A fish oil can be used to treat and prevent cancer and heart disease, and has also been used to prevent the onset of Alzheimer’s disease.
But as with many other uses of fish oil, the benefits have been mixed, with some studies finding little benefit and others showing significant health benefits.
Now a new study has found the benefits of a fish oil supplement that contains jimba mussels are not limited to its effects on cancer and dementia.
A study published in the British Journal of Nutrition and Dietetics found jimbalife fish oil contains “no significant toxic effects” on the human body and has even been shown to have health benefits, such as reducing cholesterol levels.
The study found that fish oil containing jimbas were shown to reduce cholesterol levels in the blood, increase the absorption of calcium, and prevent the formation of harmful free radicals, which cause damage to cells.
But while the study found jimbas oil may be effective at preventing the formation and progression of cancer, it also found it did not work as well as other fish oils in preventing heart disease or dementia.
“We found no significant toxic or harmful effects,” said the study’s lead author Dr. Michael M. Stahl, an assistant professor of preventive medicine at the University of Washington.
“This study shows the benefits are quite limited,” Dr. Stähl told Business Insider in an email.
“The evidence that this is effective in preventing cancer is relatively weak.
There is not a significant benefit for cardiovascular disease or cancer.”
While the study does not directly prove that fish oils protect against cancer or dementia, it suggests there is evidence of their potential for treating some cancers.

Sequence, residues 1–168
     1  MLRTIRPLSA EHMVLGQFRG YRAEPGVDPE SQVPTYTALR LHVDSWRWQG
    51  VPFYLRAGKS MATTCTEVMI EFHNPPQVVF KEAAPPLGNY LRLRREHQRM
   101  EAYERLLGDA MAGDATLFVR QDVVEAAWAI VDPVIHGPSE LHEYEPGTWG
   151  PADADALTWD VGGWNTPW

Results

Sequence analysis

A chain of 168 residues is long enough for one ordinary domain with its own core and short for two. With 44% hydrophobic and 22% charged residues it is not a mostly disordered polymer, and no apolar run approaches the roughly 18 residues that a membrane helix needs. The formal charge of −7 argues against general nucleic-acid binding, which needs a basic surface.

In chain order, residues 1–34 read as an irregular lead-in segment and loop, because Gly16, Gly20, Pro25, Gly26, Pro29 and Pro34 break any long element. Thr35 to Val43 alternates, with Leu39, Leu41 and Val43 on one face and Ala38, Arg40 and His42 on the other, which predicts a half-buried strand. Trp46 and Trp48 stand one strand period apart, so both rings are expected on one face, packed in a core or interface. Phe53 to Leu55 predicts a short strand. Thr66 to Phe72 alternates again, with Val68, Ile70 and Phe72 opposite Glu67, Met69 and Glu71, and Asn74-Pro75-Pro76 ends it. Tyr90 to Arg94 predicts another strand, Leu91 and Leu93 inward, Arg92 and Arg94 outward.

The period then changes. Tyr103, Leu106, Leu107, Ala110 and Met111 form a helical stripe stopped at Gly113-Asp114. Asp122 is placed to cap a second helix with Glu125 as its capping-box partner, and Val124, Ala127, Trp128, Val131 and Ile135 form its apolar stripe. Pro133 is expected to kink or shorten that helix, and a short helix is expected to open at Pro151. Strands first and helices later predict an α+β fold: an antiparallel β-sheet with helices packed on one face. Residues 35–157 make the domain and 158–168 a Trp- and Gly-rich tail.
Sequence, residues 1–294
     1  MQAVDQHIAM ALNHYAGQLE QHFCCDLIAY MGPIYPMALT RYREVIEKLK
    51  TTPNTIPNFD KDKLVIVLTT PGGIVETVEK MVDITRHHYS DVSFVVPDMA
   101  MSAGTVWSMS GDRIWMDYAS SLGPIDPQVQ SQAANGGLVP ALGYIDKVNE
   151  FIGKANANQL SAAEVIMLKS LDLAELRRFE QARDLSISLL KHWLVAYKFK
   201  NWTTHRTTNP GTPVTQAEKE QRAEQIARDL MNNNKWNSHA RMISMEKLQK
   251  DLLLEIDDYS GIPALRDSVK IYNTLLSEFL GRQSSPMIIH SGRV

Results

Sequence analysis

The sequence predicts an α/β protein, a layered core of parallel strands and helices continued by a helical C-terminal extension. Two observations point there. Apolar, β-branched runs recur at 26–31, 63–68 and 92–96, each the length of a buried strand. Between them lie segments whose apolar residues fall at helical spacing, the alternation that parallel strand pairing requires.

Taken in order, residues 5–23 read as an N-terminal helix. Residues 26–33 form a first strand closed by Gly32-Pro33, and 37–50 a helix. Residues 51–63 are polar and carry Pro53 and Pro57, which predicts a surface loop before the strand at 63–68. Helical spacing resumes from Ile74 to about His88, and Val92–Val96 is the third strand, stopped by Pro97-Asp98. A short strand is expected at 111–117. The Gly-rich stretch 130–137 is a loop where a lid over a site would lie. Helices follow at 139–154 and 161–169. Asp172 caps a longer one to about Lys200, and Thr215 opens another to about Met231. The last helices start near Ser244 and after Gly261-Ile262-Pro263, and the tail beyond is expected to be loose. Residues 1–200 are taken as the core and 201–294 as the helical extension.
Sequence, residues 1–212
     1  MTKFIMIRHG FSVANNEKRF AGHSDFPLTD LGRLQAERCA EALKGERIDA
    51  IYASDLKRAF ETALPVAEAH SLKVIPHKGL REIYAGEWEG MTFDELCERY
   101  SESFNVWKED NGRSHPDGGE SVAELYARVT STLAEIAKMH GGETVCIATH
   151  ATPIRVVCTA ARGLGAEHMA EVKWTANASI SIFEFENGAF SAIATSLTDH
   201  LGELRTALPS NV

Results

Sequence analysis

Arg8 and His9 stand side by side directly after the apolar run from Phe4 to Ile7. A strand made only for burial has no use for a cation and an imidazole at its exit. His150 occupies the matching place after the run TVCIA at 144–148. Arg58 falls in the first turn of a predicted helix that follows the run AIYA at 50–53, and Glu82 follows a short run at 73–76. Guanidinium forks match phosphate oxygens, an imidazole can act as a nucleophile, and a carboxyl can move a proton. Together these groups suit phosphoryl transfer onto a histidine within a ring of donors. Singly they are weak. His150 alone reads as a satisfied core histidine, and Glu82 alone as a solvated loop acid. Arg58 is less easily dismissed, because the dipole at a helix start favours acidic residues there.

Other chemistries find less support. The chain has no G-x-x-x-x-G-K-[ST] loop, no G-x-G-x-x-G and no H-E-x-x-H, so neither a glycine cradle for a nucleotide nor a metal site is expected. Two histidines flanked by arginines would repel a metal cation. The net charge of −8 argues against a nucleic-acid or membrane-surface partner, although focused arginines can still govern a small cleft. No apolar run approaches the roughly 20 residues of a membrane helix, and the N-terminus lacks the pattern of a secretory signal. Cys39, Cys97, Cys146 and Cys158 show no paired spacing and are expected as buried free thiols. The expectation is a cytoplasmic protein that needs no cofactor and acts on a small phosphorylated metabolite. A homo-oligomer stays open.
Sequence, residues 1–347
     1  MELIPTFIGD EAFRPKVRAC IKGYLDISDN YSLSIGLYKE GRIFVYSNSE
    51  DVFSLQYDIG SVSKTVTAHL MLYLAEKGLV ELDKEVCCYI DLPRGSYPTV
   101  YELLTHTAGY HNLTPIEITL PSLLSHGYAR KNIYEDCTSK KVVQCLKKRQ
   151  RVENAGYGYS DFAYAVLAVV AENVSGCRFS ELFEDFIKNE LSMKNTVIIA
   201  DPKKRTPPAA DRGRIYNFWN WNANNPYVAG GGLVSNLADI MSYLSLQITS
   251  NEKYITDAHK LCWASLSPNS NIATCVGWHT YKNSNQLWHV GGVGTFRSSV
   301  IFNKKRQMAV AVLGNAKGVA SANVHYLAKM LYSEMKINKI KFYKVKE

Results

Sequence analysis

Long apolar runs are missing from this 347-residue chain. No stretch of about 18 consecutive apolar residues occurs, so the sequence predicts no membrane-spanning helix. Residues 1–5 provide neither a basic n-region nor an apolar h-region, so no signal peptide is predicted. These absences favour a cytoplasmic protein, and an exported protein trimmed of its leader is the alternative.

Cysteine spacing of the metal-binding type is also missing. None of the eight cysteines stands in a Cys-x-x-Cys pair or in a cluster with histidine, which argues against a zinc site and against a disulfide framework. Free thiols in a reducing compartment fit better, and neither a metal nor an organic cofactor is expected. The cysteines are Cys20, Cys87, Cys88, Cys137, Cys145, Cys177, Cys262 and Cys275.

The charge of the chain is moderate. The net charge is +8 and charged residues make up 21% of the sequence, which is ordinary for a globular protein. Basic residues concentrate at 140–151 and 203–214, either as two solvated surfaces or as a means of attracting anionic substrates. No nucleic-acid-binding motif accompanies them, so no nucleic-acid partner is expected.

Dr. Stuhls study also found that jimbos oil was not as effective as other types of fish oils at preventing heart failure, which is the leading cause of death in the U.S.
The researchers did find that fish fats such as jimbonic acid were able to reduce levels of triglycerides, a type of fat found in the bloodstream that is linked to cardiovascular disease.
They also found the fish oil contained more omega-3 fatty acids than other fish oil supplements, which are generally considered beneficial to health, and that it could help prevent the development of atherosclerosis, a condition that increases the risk of heart disease and other cardiovascular diseases.
“Overall, we do not see any evidence of any significant adverse effects on cholesterol levels, the risk for developing cardiovascular disease, or mortality, of the fish or the fish oils,” the study said.
In addition to heart disease prevention, the study showed jimbinas oil could also help prevent type 2 diabetes and type 1 diabetes.
The new study does point to a possible downside to using fish oil.
“While the results do not prove a fish or fish oil supplementation is superior to other fish and/or other plant-based supplements, they do suggest the use of these oils in combination with other plant sources of omega-6 fatty acids is unlikely to be harmful to humans,” Dr Stahl said.
The authors of the study did not make any claims on how long the fish and fish oils would be effective.
In general, it is difficult to find any conclusive research on fish oils, and there are no studies to suggest they are a safe or effective supplement for humans.